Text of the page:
to get it through
the average doorway. Therefore it appears that the
screen for a CRT device would be about 34 inches and could
1920 horizontal pixels. The minimum viewing angle for this
would be 32
degrees and you would be 4 ft. from the display. Any closer and
you would exceed
the minimum viewing angle and your eye would start picking
in the image. Further away the viewing angle would be less
than the minimum
and the image would look fine except smaller.
If the viewer
was at a distance of 8.5 feet, then the NTSC image would NOT
look as sharp
as the DTV or HDTV image.
is that in the NTSC image we only have about 360 lines of
Now if you take that vertical resolution and bump it
Up to a 16x9
screen to get square pixels the horizontal pixels needed would
be 640 and now you could view the display
at the 12 degree viewing angle.
This DTV 16x9
wide screen image would look much sharper than a NTSC 4x3
image with its
fixed vertical resolution.
Now we get into
what HDTV is about. From a viewing distance of 13 ft., the
same as for
a 27 inch diagonal NTSC display, the screen size jumps up to a
and wider screen. A screen for this new 32 degree viewing angle
would be about
7.5 ft. x 4.2 ft. Perfect for the home where the ceiling to
is about 8 ft.
So what would
the viewer like in his home, a standard 27 inch TV as we know
it today or
HDTV-DTV with a BIG and WIDE screen?
some of the new displays cannot display all of HDTV's
1920x1080 pixels. A higher dot or pixel pitch will display a
Some viewers will opt for smaller screens. The plasma
flat panel display
comes to mind. It is in the wide screen 16x9 aspect
ratio but, because
of its lower resolution, the viewing angle will have to
It will not be able to display all of the spectral energy or
detail in the
I have said,
in a previous DTV Tech Notes, that camera personnel will have
to learn how
to frame for this big wide screen as there is not any
to compose for both 4x3 SDTV and 16x9 SDTV or HDTV on DTV.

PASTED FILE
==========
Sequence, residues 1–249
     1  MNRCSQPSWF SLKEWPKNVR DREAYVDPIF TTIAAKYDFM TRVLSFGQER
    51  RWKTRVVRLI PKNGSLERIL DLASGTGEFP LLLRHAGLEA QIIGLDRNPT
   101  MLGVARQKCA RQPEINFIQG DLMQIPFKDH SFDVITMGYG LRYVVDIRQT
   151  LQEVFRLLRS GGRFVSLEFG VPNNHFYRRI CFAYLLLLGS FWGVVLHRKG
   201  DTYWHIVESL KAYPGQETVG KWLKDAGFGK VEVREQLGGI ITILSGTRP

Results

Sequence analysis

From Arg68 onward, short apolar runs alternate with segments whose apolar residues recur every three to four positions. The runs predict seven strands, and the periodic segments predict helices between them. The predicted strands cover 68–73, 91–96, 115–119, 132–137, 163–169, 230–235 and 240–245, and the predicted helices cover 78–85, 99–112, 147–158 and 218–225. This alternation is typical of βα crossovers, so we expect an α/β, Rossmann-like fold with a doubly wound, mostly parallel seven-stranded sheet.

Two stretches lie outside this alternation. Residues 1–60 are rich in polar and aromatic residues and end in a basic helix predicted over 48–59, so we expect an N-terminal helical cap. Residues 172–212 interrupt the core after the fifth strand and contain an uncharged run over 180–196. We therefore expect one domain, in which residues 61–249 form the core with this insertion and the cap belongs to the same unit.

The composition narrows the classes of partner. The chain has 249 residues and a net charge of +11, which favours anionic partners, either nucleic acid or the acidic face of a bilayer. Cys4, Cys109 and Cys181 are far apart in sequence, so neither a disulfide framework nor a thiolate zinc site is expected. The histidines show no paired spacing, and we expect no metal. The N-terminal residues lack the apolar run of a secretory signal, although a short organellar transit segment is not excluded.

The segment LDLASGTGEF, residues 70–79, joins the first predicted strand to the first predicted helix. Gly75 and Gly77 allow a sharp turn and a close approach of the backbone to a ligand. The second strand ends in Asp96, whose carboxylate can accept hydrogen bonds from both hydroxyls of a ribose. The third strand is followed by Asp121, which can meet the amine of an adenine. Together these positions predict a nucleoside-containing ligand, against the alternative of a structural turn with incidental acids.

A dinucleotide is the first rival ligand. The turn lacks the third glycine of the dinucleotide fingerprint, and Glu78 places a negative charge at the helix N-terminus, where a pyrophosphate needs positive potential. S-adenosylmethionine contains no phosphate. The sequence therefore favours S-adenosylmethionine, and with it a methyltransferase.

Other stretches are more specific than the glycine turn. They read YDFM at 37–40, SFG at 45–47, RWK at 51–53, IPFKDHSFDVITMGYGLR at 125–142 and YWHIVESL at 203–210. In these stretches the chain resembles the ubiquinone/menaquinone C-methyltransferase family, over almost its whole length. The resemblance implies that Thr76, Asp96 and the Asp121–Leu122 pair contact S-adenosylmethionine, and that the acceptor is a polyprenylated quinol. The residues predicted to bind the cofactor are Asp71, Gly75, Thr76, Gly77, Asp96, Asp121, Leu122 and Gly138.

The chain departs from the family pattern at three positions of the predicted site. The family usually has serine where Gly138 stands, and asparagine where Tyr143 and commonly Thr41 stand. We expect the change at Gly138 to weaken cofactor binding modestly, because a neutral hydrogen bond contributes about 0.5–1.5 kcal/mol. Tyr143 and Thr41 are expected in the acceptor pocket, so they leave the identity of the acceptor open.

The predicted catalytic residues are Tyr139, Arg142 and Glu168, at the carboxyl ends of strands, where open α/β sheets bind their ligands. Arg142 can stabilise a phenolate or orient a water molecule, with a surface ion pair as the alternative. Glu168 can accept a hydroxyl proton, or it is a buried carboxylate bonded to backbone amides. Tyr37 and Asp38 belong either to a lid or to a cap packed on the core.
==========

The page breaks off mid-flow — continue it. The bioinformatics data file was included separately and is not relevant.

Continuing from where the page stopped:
Thorpe thinks that 16x9 SDTV will hold up quite well when
bumped up to
HDTV, especially if the images are shot with a narrow-taking
angle with lower
spectral energy (less bandwidth). A good reason to
consider a 16x9
wide screen camera.
A wide screen
27-inch diagonal DTV in 16x9 SDTV would definitely look
a 4x3 NTSC image at a viewing distance of 8.5 ft.. The NTSC
I hope this
helps shed some light on why HDTV is meant for the Home
why SDTV in wide screen would produce a better picture on a
of limited resolution. For Big Wide Screens, you cant beat
Summing it up,
the wider the viewing angle, the higher the bandwidth,
pixels, more detail, more bandwidth and more spectral
From: THE CGC COMMUNICATOR #209
Monday, December 8, 1997
BIDDING FOR COMMERCIAL AND ITFS LICENSES -
FULL NPRM TEXT
DETAILS OF THE
BROADCAST APPLICATIONS FREEZE
While the Commission
is formulating competitive bidding
rules (see above
story), it has imposed a freeze on some
broadcast applications. Paragraph 61
of the above linked
text reads as
...As an interim
measure, we shall, effective upon the
release of this
NPRM, impose a temporary freeze on the filing of
in all commercial broadcast and secondary
broadcast services, pursuant to our existing
we will continue to accept and process petitions for
requesting the allotment of new FM channels to the FM
Table of Allotments
at any time, and applicants will be able to apply
for any such
allotments during subsequently announced FM auction
filing windows. The freeze will apply
to applications for new
for major changes in existing facilities but not to
minor modification applications. It
will also not affect the filing
for new stations or for major changes in existing